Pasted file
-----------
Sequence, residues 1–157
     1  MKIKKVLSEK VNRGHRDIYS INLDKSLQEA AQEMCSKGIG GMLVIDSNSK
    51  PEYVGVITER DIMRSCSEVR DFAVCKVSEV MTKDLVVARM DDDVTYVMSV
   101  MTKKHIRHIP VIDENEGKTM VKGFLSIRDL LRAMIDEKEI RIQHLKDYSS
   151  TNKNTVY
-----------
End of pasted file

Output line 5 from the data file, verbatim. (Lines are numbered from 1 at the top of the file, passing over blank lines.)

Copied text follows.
   151  TNKNTVY